by Cliff Slater
March 31, 2003
The folly of the in-town BRT
Many alert readers have asked me, “What is the BRT?” Here’s what it is—and also what it isn’t.
BRT is short for Bus/Rapid Transit, and it is the city’s plan for public transportation in the Leeward Corridor. [i] It has two different parts, the regional [ii] and the in-town, [iii] and they would connect at either the Middle Street Transit Center or the Iwilei Transit Center, which is on King Street opposite A’ala Park. All told the capital costs incurred by the city would be $370 million and the balance by the federal government. [iv] The city will pay virtually all the operating costs [v] and any cost overruns in its construction.
The regional BRT creates “a continuous H-1 BRT Corridor from Kapolei to downtown using a.m. and p.m. contraflow zipper lanes and express lanes.” [vi] The benefit of this, the city says, is that typical bus travel times from Mililani to downtown, for example, would be cut by 25 minutes.[vii]
So far, so good.
The in-town BRT, using large hybrid diesel/electric buses, [viii] will run from the Middle Street Transit Center to the Iwilei Transit Center where they split into three branches—one to UH and two to Waikiki (one of which will service the Kakaako Park area). [ix]
The city claims the BRT buses will make better time than regular city buses by being able to use certain lanes exclusively—and some semi-exclusively by sharing with buses. These special BRT lanes will be converted from what are currently general traffic lanes. In addition, the BRT buses will have traffic signal priority, which will enable them to prolong green traffic lights.
The benefit of the in-town BRT, the city says, is that rush hour bus travel times from downtown to UH would be cut by 1.8 minutes, and downtown to Waikiki by 1.3 minutes. [x] (Pause here to let that sink in.)
At the end of this year the city plans to start construction of the total BRT system by first building the in-town line from the Iwilei Transit Center to Waikiki. [xi]
After spending significant time with drivers of Honolulu’s delivery vehicles, tour buses and taxis lately, I now understand the strength of their opposition to the in-town BRT. Here’s why:
First, that valuable road space is being taken away from regular city buses, truckers and other delivery people, tour bus operators, and taxi drivers to allow the BRT bus to have priority. They believe it will seriously disrupt traffic.
For example, the city proposes to reduce:
In addition, the city will have to narrow certain lanes to make room for the special BRT lanes:
Second, they believe the way the city proposes to handle BRT passengers is going to worsen traffic congestion. For example, on the mauka side of Ala Moana Center today, most bus passengers are loaded and unloaded within the Center itself. The BRT plan calls for these passengers to load/unload onto two platforms—each 160 feet x 8 feet x 13 inches high—in the middle of Kapi'olani Boulevard. These platforms are on either side of Keeaumoku Street will exit onto the existing pedestrian crossings. [xiv] Such center street loading platforms are along Pensacola, Dillingham, University and Kapi'olani.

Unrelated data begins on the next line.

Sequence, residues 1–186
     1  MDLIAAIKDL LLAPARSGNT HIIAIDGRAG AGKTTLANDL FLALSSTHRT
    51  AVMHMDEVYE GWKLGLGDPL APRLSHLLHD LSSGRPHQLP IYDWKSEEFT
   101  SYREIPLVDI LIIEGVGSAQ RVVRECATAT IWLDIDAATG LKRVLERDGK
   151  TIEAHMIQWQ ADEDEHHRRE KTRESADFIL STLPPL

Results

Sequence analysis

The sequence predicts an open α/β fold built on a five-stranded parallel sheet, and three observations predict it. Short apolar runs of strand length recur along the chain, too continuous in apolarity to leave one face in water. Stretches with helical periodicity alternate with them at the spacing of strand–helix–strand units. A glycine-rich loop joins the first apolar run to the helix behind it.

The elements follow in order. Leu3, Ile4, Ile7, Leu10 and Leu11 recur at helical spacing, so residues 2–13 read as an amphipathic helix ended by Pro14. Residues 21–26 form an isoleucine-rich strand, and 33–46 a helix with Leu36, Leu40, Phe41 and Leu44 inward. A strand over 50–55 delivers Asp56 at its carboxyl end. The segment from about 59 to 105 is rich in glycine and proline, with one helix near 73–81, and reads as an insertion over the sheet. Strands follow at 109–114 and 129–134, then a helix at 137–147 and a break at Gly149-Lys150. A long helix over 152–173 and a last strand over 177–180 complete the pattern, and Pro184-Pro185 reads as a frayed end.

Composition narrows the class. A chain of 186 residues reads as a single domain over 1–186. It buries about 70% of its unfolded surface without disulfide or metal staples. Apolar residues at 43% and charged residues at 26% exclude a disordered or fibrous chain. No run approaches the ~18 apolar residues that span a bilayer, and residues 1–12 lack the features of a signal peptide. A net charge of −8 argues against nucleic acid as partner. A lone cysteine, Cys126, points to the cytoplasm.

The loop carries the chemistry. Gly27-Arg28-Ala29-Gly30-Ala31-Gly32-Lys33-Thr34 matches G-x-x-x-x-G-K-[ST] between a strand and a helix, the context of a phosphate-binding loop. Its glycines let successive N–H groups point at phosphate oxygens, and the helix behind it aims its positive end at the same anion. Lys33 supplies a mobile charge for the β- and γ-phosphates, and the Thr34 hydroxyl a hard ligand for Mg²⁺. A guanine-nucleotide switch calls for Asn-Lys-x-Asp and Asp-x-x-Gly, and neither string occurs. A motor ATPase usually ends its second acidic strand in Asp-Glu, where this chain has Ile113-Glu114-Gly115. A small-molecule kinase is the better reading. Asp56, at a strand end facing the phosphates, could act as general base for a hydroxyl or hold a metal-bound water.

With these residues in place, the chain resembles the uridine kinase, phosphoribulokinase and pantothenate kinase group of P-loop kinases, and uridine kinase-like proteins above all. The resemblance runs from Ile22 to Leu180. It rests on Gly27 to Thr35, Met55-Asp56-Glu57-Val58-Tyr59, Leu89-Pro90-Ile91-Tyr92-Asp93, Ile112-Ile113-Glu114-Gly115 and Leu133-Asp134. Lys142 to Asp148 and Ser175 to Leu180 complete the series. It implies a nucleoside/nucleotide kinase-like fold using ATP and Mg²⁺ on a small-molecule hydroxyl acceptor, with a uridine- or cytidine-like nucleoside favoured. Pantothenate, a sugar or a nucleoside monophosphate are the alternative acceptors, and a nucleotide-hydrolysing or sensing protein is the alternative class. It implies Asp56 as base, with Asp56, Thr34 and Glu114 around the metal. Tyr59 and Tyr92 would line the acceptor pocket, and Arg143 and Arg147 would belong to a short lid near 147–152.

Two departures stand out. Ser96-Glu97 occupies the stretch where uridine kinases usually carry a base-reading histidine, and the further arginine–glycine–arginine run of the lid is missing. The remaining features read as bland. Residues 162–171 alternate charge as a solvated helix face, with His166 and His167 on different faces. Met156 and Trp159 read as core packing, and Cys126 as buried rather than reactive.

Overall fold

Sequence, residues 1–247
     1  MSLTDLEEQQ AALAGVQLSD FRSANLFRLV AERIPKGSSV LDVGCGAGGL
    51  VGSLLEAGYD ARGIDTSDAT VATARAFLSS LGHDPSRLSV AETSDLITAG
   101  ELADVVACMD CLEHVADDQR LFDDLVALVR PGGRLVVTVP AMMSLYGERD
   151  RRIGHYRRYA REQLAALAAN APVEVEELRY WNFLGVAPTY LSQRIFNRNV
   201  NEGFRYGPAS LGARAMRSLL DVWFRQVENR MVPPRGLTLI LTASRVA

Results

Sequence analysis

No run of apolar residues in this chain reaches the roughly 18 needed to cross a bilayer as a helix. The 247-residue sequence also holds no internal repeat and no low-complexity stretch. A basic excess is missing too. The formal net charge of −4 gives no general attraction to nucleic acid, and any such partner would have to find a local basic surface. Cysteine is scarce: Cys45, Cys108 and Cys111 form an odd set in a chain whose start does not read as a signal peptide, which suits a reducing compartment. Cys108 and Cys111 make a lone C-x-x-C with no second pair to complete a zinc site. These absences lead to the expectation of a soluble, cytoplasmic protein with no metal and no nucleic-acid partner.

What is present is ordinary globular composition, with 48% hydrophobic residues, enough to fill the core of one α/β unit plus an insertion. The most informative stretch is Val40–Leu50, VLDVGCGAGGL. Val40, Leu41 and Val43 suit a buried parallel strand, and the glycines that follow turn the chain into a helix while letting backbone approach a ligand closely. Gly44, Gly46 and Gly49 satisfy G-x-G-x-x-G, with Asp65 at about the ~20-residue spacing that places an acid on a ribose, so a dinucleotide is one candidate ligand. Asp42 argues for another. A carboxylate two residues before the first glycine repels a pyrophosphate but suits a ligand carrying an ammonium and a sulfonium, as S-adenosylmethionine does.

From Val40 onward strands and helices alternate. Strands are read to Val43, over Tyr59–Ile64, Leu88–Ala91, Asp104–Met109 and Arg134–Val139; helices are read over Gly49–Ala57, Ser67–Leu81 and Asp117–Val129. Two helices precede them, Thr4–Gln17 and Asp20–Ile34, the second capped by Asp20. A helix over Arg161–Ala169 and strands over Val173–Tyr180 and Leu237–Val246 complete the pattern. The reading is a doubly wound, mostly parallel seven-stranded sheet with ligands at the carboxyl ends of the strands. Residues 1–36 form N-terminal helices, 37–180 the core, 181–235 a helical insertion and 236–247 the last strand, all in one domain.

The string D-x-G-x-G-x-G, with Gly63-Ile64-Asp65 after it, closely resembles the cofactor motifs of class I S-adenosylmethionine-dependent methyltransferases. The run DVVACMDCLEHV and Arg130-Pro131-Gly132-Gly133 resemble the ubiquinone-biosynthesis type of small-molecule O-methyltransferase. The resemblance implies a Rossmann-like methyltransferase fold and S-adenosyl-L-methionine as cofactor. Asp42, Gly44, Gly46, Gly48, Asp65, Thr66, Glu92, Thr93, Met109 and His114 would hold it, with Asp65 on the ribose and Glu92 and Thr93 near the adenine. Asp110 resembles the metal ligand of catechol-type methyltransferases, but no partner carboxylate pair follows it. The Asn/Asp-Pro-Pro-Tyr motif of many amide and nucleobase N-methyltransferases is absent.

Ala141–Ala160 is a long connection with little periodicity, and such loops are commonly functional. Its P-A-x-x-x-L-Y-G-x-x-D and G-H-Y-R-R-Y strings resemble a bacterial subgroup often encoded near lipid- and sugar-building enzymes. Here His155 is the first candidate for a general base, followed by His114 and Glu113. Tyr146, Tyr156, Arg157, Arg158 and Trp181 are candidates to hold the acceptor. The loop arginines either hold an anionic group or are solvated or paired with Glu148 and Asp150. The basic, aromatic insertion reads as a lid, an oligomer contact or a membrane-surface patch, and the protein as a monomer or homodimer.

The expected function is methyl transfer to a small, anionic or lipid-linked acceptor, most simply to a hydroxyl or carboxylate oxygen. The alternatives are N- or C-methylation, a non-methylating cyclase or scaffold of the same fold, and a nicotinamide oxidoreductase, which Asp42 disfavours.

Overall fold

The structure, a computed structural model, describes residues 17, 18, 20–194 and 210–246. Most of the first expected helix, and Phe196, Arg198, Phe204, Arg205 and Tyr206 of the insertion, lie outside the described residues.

Third, giving traffic signal priority to the BRT buses will throw off the traffic light synchronization—along King Street, for example.
Fourth, since the in-town BRT from downtown to Waikiki only offers one-minute savings, why not start with the regional BRT and see if that delivers what the city promises? Riders will have to change buses anyway; why not just transfer onto regular buses if all the BRT saves is one minute?
It’s tough to argue with that approach. After all, it is a 25-minute savings for the regional versus a one-minute saving for the in-town.
In fact, with such little time-savings one wonders why, with only a minute to be gained, we need to spend all that money, and create such traffic havoc. In fact, why build the in-town section at all?
Cliff Slater is a regular columnist whose footnoted columns are at: www.lava.net/cslater. Engineering drawings and other views of the proposed BRT project can be found on that site.
[i] The Plan is officially known as the Final Environmental Impact Statement for the Primary Corridor Transportation Project.
[v] Projected operating costs for the BRT are significantly underestimated. For example, for the year 2025 No-Build Alternative, which is the existing bus system plus 18% more buses, the city projects operating costs for TheBus to be only 3% greater than today in 2002$’s even with a projected 41% more riders. The fact is that for the past 22 years, operating costs have risen 44% in 2002$’s and that is with a 5% decline in riders.
To check these figures you need: For 1981 See 1987 Short Range Transit Update. Honolulu DTS. p. 3-5. The figure of of $42.1 million is $82.1 million in 2002 dollars using Honolulu CPI-U data from Table 14.02 State Data Book 2001. For 2002, see FEIS , page S-8. “It is estimated that O&M costs for the No-Build Alternative in 2025 would be about $121 million (in 2002 dollars). This compares to current operating costs for the existing bus system of about $118 million. Both numbers do not include The Handi-Van operations.”